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How the Target Hackers Did It

A government report details how attackers hijacked 70 million credit card numbers.


Hackers responsible for carrying out a massive theft of credit and debit card information from the retailer Target likely used sophisticated variations of tools that have been circulating in the computer underground for a long time, according to report prepared by cyber security firm iSIGHT Partners and the U.S. Department of Homeland Security.

The report explained that malware aimed at “point of sale,” or POS, machines is sold in black markets and is generally well-known to law enforcement. The popularity of the software, iSIGHT said, may lead to a demand for more custom-made attack tools. In July of 2013 in one marketplace for freelance hackers — think of it as a Craigslist for criminals — as many as 20 percent of the ads were for the creation of POS malware.

In 2010, the average bid for programmers on these programs ranged from $425 to $2,500 during the first half of the year, and by the end of the year had risen to $6,500, according to the report. It doesn’t mention the going rate now.

The report, reviewed by Re/code, named the malware used to hijack the account information as Trojan.POSRAM. As previously reported, the program is known more commonly as a RAM scraper, which captures credit card numbers during a vulnerable moment in the transaction process, when they’re stored unencrypted in the memory of a payment system server.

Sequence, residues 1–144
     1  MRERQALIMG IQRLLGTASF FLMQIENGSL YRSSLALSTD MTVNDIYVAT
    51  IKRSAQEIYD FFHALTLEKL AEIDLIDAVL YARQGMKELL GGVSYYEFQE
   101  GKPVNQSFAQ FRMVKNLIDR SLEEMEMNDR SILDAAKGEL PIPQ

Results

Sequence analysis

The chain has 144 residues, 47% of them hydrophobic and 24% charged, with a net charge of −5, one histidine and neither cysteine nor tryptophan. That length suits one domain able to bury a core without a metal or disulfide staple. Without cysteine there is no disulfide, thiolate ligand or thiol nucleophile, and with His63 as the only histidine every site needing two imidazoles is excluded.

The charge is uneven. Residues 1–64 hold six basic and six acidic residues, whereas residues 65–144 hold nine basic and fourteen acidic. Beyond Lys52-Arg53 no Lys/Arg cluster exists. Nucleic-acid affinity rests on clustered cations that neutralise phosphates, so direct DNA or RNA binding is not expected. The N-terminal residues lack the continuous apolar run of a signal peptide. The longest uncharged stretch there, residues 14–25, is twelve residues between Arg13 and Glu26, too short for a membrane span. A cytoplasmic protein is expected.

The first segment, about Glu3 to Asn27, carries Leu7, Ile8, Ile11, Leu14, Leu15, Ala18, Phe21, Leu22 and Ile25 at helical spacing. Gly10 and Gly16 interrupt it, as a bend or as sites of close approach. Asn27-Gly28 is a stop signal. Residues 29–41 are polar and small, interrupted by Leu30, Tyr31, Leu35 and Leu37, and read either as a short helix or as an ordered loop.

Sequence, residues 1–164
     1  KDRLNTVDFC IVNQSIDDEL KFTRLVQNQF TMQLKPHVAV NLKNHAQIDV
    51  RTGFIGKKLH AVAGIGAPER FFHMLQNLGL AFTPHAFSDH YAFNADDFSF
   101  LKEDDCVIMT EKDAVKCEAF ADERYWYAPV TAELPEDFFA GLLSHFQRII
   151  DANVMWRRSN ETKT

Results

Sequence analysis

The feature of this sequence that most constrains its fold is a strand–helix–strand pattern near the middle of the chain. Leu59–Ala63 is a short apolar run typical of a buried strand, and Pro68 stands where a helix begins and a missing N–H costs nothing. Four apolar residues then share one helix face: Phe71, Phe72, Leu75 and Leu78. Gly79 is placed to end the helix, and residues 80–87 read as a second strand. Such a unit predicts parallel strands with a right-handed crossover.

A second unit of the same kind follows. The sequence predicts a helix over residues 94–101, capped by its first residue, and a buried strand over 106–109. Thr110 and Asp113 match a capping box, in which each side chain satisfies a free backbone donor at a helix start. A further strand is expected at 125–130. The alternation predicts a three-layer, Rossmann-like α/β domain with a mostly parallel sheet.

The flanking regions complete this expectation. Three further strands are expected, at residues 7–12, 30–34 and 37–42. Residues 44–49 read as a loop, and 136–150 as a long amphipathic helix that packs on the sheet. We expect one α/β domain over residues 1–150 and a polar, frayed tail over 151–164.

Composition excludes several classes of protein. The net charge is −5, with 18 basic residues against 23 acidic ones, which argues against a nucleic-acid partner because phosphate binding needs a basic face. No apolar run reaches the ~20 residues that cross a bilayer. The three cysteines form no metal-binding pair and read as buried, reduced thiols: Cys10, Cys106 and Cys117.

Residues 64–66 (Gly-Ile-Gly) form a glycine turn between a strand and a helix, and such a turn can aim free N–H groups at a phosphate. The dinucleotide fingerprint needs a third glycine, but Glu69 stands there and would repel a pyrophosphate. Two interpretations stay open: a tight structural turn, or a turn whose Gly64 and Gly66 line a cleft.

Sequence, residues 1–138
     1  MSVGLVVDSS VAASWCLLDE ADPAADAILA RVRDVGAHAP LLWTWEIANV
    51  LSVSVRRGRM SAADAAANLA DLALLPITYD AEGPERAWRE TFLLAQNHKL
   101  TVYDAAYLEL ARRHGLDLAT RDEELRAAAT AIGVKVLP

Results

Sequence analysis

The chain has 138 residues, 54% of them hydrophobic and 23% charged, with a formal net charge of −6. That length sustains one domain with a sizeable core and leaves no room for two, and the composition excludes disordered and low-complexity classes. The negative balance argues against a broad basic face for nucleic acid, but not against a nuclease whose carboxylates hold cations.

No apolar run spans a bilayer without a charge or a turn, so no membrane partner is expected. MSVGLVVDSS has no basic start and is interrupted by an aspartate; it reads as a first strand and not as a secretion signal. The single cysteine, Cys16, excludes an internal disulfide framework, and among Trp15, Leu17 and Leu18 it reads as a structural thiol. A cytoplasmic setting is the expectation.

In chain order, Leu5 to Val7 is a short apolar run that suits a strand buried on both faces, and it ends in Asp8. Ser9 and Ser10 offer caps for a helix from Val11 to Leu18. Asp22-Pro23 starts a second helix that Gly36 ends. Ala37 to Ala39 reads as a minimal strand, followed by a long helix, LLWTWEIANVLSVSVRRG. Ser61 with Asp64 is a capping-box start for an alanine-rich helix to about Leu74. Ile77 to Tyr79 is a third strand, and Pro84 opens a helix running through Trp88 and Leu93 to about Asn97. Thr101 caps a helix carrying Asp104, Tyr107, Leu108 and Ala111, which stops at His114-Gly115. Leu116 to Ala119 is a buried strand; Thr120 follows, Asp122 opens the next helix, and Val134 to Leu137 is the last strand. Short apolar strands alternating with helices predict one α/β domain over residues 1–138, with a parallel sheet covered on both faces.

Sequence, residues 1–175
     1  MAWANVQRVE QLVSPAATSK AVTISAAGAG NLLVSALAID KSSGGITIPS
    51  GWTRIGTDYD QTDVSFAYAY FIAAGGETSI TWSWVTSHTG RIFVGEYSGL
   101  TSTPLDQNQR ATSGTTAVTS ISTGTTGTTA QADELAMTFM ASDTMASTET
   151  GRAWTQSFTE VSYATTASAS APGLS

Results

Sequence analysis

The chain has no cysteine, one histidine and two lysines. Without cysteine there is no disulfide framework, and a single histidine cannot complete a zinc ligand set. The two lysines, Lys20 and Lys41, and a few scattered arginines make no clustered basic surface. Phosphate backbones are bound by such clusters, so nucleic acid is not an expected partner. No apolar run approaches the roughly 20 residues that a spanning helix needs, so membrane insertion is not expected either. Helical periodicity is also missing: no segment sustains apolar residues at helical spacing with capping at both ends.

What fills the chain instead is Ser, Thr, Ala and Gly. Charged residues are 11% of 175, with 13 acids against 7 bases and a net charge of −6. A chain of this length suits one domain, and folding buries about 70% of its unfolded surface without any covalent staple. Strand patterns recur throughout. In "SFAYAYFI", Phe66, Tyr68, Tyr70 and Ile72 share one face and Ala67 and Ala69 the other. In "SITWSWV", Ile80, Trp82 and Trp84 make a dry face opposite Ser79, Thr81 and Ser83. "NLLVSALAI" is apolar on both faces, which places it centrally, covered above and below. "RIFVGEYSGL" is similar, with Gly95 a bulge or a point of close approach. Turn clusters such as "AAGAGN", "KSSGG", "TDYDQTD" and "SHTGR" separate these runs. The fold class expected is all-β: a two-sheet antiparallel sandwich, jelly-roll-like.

“The malware is configured to ‘hook’ into these payment application programs to monitor the information they process in memory,” the report says. “These programs are responsible for processing authorization data, which includes full magnetic stripe data. When authorization data is processed, the payment application decrypts the transaction on the cash register system or backend server and stores the authorization data in random access memory (RAM). The data must be decrypted for the authorization to be completed, so hackers are accessing full track data [credit card numbers] when it is stored in RAM and using the RAM-scraping malware to steal it.”

RAM scrapers have been seen in computer security attacks for years. The malware would save credit card numbers into a file, and then send it on to another server, usually a compromised server on the target company’s internal network, which could then be accessed remotely. All of this is standard behavior of RAM-scraping malware.

The sophistication occurred in how the attackers got the data out of the compromised system. The attackers used NetBIOS, an API typically found in networking equipment. They employed what the report describes as “raw commands” to move data around Target’s internal network, and thus worked around standard methods for monitoring network activity. That would have prevented the attackers from being detected.

“This tactic is innovative and new,” the report says. “While some components of the POS data breaches were not technically sophisticated, the operational components were. The cyber criminals displayed innovation and a high degree of skill in orchestrating the various components of the breaches.”

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